Image description: A bowl of Ramen Kulture’s tonkotsu ramen with chashu pork next to a serving of two okonomiyaki skewers.
Ramen Kulture is a small, intimate eatery, tucked into St Giles and a stone’s throw from the bustle of Little Clarendon Street. Catering to individuals as well as couples and small groups, it is the kind of restaurant where you wouldn’t feel out of place eating alone on a weekday evening, acting the main character in the movie of your life whilst slurping your noodles and people watching at one of the window seats.
Ramen Kulture serves up bowls of warm, rich ramen, curries, rice dishes and delicious sides. If you visit Ramen Kulture however, you should be prepared to queue, as the restaurant is small and only walk-ins are accepted. Luckily, queuing times are usually short. You may have to wait between 10 and 20 minutes depending on the size of your group, before you’ll be invited in and shown to your seat.
Inside, the shop is narrow and the lighting is soft, whilst the decor recreates the feel of an evening spent in one of Tokyo’s yokochos, or narrow alleys packed with bars and restaurants. The room is filled with sounds of J-Pop and anime music, and the scent of the 12-hour tonkotsu broth will whet your appetite and give you a preview of what’s to come.
Starters range from miso soup and chicken gyozas, to chicken karaage and prawn katsu. Edamame beans make for a wonderfully savoury appetiser to be shared with friends, whilst the takoyaki — balls of deep-fried octopus liberally topped with gravity-defying bonito flakes — will make a more filling start to your meal. Also on the menu are okonomiyaki skewers. Though okonomiyaki is usually served in flat, pancake form in teppanyaki restaurants, here the popular dish is reformatted into skewers, removing the need for a hotplate on the table on which to make them. Stuffed with cabbage and octopus, before being covered in Japanese mayonnaise and bonito flakes, these are an equally delicious starter.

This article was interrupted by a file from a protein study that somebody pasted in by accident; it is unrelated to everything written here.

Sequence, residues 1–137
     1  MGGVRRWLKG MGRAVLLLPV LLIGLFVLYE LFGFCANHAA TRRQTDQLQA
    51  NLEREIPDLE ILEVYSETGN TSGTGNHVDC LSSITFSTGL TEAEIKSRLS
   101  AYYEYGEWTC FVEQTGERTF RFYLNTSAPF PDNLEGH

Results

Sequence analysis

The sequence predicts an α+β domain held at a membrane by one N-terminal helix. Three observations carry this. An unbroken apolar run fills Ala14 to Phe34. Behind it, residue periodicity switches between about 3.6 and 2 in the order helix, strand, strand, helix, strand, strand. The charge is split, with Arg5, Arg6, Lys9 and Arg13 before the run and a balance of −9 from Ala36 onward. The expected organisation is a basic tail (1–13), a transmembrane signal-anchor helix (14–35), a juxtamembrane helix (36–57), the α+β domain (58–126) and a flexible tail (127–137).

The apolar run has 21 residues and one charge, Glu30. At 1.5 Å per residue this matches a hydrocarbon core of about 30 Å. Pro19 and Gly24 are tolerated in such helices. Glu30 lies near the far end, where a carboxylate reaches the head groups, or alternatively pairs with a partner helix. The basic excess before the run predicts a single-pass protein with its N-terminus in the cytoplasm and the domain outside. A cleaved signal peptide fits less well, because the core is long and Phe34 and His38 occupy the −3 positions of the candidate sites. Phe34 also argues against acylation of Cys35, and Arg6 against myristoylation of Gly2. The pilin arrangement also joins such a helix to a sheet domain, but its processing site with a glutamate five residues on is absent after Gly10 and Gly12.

Where Ramen Kulture really shines is, of course, the ramen. The tonkotsu ramen is rich and warm, served with a cut of chashu pork belly, which according to the menu is slow-braised for at least three hours before serving. These noodles are indulgent and comforting. It tastes like a warm hug, a weighted blanket, or the feeling of pulling the duvet over you when you wake up cold in the middle of the night. It is not one to be missed.
This ramen is indulgent and comforting. It tastes like a warm hug, a weighted blanket, or the feeling of pulling the duvet over you when you wake up cold in the middle of the night.
For vegetarians and vegans, the miso tofu ramen made with miso broth is fresher and doesn’t quite reach the richness of the tonkotsu ramen. But, topped with fried tofu, broccoli, mushroom and sweetcorn, it is nonetheless a satisfying meal. Extra toppings, such as a nitamago egg — a soft-boiled egg marinated overnight so it takes on extra flavour and the yolk reaches a jammy consistency — can be added, and are well worth the extra cost. What’s more, if you go into Ramen Kulture with long hair, when your ramen is served you’ll usually be offered a hair band by the waiter to prevent your hair falling into your food, a thoughtful touch and an example of the restaurant’s friendly customer service.
For dessert, there is one option: mochi. The mochi in Ramen Kulture is served cold, small balls of frozen ice cream covered in the typical chewy rice flour wrapper. Flavours include strawberry ice cream and mango. These are small, but after a large helping of starters and ramen, a small dessert is the perfect way to finish your meal.
Ramen Kulture is one of Oxford’s unmissable spots: a delicious introduction to ramen for the uninitiated, and a fantastic place to eat for those looking for a bowl of familiar comfort.